Dr Si Thura: Responding to the global COVID-19 pandemic
Posted: 24 May 2022
Australia Awards alumnus, Dr Si Thura, has been involved in COVID-19 prevention, control and treatment in Asia since the beginning of the pandemic. He is the Executive Director of Community Partners International (CPI), a U.S. non-profit organisation that empowers vulnerable communities in Asia to meet their essential health, humanitarian and development needs.
Reflecting on his work experience before being selected for an Australia Awards Scholarship, he recalls; “I joined Community Partners International in 2009 as a program coordinator supporting vulnerable communities in Myanmar to build community resilience in health and humanitarian services. I worked with local civil society leaders to strengthen local organisations and implement community-driven activities in remote areas.”
Dr Si Thura was awarded an Australia Awards Scholarship to acquire a master’s degree in public health at the Australian National University.
“The Australia Awards Scholarship enabled me to study major public health subjects such as epidemiology, biostatistics, qualitative and quantitative research, organisation and project management, global health and policy at one of the top universities in the world,” says Dr Si Thura.
He explains that; “The Australia Awards Scholarship not only provides assistance for the postgraduate degree course but also for leadership skills development. The scholarship supported me to attend a youth conference in Perth where I connected with academic and research professionals from different parts of the world and learned about recent developments in youth health and social issues.”
“The skills acquired during my study in Australia empower me to work with people from diverse communities, resolve complex issues, and advocate effectively to policy makers.”
After graduating and returning to Myanmar in 2013, Dr. Si Thura rejoined CPI as a Director and was subsequently promoted to Executive Director in 2017 covering CPI’s multi-country operations. In this role, he leads CPI’s efforts to empower vulnerable communities in Asia to meet their essential health, humanitarian and development needs. In Myanmar, he has helped local civil society and ethnic nationality organisations to strengthen health service delivery and contribute to the goal of universal health coverage.
In 2020 and 2021, Dr Si Thura led CPI’s COVID-19 pandemic response. As the virus brought devastating impacts, CPI mobilised emergency oxygen supplies, treatment and prevention, helping to save thousands of lives in Myanmar, Bangladesh, India, Nepal, Pakistan and Sri Lanka. In responding to the global pandemic, CPI is focused on closing health equity gaps to ensure that under-served and marginalised populations can access affordable and effective COVID-19 prevention and care services.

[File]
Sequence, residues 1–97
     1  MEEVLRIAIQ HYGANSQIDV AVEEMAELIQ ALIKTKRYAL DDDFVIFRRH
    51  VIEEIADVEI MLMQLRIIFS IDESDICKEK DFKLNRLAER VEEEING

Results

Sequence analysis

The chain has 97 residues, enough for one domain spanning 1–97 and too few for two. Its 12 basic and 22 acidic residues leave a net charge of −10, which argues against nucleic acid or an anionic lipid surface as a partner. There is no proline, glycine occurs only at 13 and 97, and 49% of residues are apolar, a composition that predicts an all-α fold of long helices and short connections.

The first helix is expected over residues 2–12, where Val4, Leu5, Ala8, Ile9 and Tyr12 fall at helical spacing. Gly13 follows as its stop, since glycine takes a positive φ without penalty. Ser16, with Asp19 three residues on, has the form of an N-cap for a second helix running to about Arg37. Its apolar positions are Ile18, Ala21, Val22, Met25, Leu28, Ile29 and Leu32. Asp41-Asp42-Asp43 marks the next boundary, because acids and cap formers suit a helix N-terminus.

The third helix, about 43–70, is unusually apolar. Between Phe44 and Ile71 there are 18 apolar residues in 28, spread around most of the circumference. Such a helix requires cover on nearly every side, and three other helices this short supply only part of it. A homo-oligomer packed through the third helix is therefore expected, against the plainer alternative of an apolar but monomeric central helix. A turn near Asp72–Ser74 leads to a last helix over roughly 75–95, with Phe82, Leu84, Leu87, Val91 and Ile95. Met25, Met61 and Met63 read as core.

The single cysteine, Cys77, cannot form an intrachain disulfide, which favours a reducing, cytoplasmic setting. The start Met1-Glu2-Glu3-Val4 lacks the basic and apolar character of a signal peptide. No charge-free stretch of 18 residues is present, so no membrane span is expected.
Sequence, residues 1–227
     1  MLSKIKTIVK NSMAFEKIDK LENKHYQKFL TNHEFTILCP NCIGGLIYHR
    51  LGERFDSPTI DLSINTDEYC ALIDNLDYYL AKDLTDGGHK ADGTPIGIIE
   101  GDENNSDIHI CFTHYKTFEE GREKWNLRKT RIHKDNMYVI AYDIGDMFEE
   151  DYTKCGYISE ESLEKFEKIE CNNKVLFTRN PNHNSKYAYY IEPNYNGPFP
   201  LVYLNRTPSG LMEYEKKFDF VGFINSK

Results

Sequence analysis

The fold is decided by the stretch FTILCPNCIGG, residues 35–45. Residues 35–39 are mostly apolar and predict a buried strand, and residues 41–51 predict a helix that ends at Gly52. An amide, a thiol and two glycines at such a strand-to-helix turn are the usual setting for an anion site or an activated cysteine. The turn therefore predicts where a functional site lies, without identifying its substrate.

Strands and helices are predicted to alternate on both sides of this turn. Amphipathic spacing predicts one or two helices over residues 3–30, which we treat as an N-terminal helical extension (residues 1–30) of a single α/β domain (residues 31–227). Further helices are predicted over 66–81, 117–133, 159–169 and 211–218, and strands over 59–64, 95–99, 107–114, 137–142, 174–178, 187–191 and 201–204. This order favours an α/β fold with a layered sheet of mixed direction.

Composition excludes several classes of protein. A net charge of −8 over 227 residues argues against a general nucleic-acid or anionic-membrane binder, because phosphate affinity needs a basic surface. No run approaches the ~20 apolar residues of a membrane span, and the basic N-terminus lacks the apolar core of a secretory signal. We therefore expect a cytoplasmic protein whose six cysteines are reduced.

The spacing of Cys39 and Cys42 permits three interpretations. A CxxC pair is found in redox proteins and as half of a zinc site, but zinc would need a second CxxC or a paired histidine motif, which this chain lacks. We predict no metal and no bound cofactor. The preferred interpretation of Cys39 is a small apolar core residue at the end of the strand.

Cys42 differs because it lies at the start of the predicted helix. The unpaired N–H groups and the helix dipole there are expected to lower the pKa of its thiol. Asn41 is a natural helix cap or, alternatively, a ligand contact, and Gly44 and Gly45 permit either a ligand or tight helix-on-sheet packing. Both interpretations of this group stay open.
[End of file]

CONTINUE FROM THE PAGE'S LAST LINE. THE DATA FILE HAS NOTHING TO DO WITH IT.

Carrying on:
“We provide a variety of services ranging from medicines and supplies to the health systems, provision of oxygen therapy and COVID-19 treatment services through health posts, clinics, hospitals and tele-health platforms, to the establishment of community-based oxygen networks and oxygen plants,” explains Dr Si Thura.
In July 2021, a third wave of COVID-19 arrived in Myanmar. The country’s health system was already on the brink of collapse. The number of severe COVID-19 cases and the demand of oxygen increased dramatically in a matter of days. In this context, CPI launched a COVID-19 tele-health project, promoted through local social media channels, to ensure that desperately ill patients could access emergency medical consultations and care.
“Treatment was provided through tele-health consultations. Oxygen concentrators and cylinders were delivered through local civil society networks. For severe cases, mobile medical teams visited patients’ houses to administer treatment and, in some areas, patients were referred to COVID-19 treatment centres run by community-based organisations,” says Dr Si Thura.
The global pandemic brought significant challenges to people’s livelihoods in Myanmar. Under Dr Si Thura’s leadership, CPI helped community organisations establish and grow livelihood projects for women and vulnerable communities. The projects supported women to make cloth face masks, hand sanitiser, soap, and other products for sale. CPI also launched micro-loan and entrepreneurship initiatives to help women to start small enterprises in organic farming and livestock.
Dr Si Thura reports that CPI’s COVID-19 response reached more than one million people in Myanmar, Bangladesh, India, Nepal, Pakistan and Sri Lanka.
“Partnership with local organisations is critical in navigating a variety of obstacles during the pandemic,” Dr Si Thura says.
Dr Si Thura is committed to working for health sector development in Myanmar and across Asia. He encourages international stakeholders “to recognise the key role of local actors and ensure that support is provided as directly as possible to these local organisations to help meet essential health and humanitarian needs.”